How to deal with the COVID-19 pan(dem)ic

​Hi everyone, there are a couple of things I want to chat about this week in the midst of what seems like the world turning upside down due to the COVID-19 panic. I understand that this situation is very stressful and I want to give you some information about what’s happening and what you need to do to keep yourself and others safe.

​I wrote an article several weeks ago with some more detailed information about the novel coronavirus, but obviously since then the situation has become a lot more serious. (You can check that article out at http://www.since1872.ca/active-sections/3-opinions/what-is-the-coronavirus-and-should-i-be-worried/.)

Viruses are non-living particles that infect hosts by inserting their DNA into their cells and “hijacking” them in order to reproduce, since viruses do not contain the biological machinery required to replicate themselves.

The symptoms of COVID-19 infection include fever, cough, difficulty breathing and pneumonia. If you experience these symptoms and believe you may be infected with the coronavirus, DO NOT GO TO THE EMERGENCY ROOM. Isolate yourself within your living quarters as quickly as possible and call Tele-Care at 811 in order to determine if you should get tested for the virus and to receive further instructions.

As of March 19, there are 736 confirmed cases and 34 probable cases in Canada, including some in New Brunswick. These numbers will likely become outdated immediately, so if you would like to check out the epidemiology for yourself visit Canada.ca/coronavirus.

​Currently, the spread of the COVID-19 infection is on an exponential curve, meaning that the number of infected individuals increases exponentially every day. However, public health officials say this exponential curve can be diminished by practicing social distancing. This is probably a term you’ve heard floating around in the last week or two, and it means avoiding public spaces and generally limiting your movement outside of your home. By limiting your movement, you are doing two things: decreasing your chances of coming in contact with the virus and decreasing the chances that you’ll pass it along to someone else.

As students in the 18-to-25 age range, this is particularly important because even though our age demographic is one of the lowest risk in terms of coronavirus mortality, we need to do our part to maintain the herd immunity in our community.

​Herd immunity is typically viewed as a preventative strategy, largely through the use of vaccinations. It is the concept of protecting those in the “herd” that are at the most risk and are unable to protect themselves; in the case of the coronavirus, those most at risk are individuals who are immunocompromised (for example, individuals with cancer, diabetes, AIDS, malnutrition or other conditions that inhibit the immune system) and elderly people. There is not an available COVID-19 vaccine to date (although several are currently undergoing clinical trials), so herd immunity can be maintained in this pandemic by practicing social distancing. Distance yourself from large gatherings of people (yes, this includes parties and the bar), public transportation, movie theatres, restaurants, gyms or anywhere else where your risk of coming in contact with a large number of people is high.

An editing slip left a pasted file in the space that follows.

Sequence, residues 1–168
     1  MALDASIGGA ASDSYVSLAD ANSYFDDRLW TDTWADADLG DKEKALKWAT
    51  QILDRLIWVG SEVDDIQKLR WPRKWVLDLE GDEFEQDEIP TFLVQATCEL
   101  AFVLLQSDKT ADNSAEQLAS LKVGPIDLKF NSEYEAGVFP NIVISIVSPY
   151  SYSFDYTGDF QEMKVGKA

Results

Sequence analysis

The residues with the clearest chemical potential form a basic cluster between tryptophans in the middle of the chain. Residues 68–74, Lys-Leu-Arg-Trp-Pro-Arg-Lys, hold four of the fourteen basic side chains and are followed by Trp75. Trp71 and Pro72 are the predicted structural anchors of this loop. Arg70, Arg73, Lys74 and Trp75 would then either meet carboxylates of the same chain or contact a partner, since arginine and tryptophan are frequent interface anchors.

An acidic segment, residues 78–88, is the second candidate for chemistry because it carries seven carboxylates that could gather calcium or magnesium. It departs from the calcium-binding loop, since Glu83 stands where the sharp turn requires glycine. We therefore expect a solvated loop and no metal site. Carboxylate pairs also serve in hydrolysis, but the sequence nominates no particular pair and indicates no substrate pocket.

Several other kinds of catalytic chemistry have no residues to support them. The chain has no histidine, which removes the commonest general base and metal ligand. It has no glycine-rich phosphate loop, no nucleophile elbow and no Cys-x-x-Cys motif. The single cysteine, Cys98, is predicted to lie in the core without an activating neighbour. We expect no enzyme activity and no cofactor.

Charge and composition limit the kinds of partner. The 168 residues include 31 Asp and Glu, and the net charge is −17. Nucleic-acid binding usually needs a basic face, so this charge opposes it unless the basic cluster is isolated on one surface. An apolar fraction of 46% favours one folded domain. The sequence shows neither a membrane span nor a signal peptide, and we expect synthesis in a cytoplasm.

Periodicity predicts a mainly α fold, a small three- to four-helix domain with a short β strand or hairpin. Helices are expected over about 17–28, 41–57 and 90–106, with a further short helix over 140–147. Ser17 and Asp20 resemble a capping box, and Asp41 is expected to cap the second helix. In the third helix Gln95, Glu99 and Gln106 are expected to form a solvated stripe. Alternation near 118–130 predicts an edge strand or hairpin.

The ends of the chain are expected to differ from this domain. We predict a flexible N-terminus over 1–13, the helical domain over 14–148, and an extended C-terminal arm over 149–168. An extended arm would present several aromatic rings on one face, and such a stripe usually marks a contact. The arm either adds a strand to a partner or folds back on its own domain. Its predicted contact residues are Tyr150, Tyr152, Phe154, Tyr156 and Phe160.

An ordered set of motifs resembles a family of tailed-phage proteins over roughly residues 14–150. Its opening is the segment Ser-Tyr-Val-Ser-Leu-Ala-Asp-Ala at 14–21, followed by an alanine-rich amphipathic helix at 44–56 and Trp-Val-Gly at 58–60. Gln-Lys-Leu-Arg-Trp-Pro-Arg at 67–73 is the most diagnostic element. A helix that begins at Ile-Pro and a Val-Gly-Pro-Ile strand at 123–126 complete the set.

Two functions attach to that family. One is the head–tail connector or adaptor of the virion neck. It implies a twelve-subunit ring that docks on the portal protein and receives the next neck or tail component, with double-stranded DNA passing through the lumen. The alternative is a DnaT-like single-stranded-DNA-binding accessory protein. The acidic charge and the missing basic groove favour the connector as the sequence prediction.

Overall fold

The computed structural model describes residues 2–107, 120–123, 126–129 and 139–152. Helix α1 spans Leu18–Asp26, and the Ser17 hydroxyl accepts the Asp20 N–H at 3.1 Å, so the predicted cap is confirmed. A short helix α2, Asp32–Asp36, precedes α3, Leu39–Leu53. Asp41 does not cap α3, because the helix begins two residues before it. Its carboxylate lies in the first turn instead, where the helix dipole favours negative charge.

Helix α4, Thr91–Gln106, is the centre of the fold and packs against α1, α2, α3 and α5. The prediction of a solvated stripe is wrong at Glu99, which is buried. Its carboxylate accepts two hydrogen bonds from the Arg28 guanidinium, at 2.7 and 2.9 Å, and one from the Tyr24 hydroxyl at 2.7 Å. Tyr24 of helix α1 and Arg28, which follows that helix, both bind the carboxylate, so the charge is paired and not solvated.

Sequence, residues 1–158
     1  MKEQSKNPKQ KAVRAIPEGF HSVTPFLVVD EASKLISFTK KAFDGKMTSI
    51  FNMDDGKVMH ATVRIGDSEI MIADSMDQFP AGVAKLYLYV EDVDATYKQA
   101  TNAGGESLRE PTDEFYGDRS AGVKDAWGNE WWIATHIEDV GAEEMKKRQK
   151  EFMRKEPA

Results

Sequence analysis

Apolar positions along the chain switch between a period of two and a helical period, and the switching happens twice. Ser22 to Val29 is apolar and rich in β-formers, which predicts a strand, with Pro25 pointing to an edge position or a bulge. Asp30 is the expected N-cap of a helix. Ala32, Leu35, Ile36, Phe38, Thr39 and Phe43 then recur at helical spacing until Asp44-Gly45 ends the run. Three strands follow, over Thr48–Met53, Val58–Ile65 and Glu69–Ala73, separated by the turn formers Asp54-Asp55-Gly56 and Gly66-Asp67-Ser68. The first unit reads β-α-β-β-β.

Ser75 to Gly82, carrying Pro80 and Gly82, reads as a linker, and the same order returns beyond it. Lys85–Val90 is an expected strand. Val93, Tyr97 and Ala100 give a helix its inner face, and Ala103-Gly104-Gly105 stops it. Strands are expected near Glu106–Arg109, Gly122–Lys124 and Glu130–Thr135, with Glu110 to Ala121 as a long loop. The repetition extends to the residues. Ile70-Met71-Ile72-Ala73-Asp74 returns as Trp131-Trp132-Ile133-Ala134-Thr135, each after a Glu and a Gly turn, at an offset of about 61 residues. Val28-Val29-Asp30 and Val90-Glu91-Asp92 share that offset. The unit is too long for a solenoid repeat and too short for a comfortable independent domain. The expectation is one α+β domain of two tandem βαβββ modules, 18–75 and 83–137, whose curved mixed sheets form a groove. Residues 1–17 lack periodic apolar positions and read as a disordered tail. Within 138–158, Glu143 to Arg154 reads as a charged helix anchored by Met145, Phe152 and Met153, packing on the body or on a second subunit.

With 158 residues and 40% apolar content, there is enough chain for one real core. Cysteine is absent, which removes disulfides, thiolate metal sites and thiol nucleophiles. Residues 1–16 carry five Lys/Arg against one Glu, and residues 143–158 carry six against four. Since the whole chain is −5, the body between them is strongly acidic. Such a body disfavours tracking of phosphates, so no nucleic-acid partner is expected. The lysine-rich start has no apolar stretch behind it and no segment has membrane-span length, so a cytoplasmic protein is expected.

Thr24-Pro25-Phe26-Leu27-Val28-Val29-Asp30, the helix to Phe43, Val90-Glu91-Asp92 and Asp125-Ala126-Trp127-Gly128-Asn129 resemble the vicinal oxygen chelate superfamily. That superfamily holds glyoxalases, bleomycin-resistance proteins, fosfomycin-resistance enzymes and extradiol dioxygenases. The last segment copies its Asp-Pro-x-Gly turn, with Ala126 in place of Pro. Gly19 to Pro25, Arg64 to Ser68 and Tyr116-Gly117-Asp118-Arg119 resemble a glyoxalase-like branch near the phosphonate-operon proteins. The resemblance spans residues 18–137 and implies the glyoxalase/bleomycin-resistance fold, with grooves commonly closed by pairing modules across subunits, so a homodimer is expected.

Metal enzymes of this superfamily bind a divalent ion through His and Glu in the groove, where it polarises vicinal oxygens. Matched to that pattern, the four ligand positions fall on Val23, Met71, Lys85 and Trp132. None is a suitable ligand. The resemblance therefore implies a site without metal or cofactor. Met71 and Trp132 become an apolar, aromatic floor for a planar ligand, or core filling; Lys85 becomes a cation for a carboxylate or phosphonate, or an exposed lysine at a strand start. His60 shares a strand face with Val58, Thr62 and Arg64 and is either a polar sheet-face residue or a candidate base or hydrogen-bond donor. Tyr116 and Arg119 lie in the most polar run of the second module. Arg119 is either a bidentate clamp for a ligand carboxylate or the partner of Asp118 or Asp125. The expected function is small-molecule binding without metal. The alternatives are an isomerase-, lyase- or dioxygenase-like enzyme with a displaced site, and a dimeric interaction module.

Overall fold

​Lastly, I’d like to take a moment to talk about the inevitable spike in stress we are all experiencing as a result of this pandemic and the cancellation of classes and exams for the remainder of the semester.

To take care of your mental health during these tough times, my first tip is to think about and separate what you can control from what you cannot. Currently, there are a lot of aspects of the pandemic you can’t control, but you can control how you respond, including practicing social distancing, washing your hands often and taking care of your academics for the remainder of the semester. When feeling stressed out, do what helps you feel safe – which may be different from what makes others feel safe. If this includes social distancing, be cognizant of whether your desire to isolate is based on the potential for sickness or if it may be part of a depressive episode. If it is the latter, reach out to some friends and know that you’re not going through this alone.

Another tip is to get outside, talk a walk, soak up some vitamin D, get a little exercise… and the best part? This can be done even if you are practicing social distancing, as long as you avoid crowded areas. Challenge yourself to stay in the present and try not to project today’s worries onto what will happen in the future. Now would be a great time to start practicing mindfulness to stay grounded when things feel out of your control – it can be as simple as taking a deep breath and noticing one thing you can see, one thing you can smell, one thing you can touch, one thing you can hear and one thing you can taste.

And last but certainly not least, stay connected to your support system and reach out when you need to. If you are struggling with anxiety or mental health, you can reach out to mental health professionals (Mt. A Counselling Services: 506-364-2163, CHIMO 24/7 Helpline: 1-800-667-5005, Crisis Text Line: 686-868).

​If you have further questions, feel free to email me at healthintern@mta.ca or covid19@mta.ca. Remember to WASH YOUR HANDS, and call 811 if you have any health concerns or suspect you may have come in contact with the coronavirus. Stay healthy, friends!

Rachel McDougall
Rachel McDougall is a contributor to the Argosy.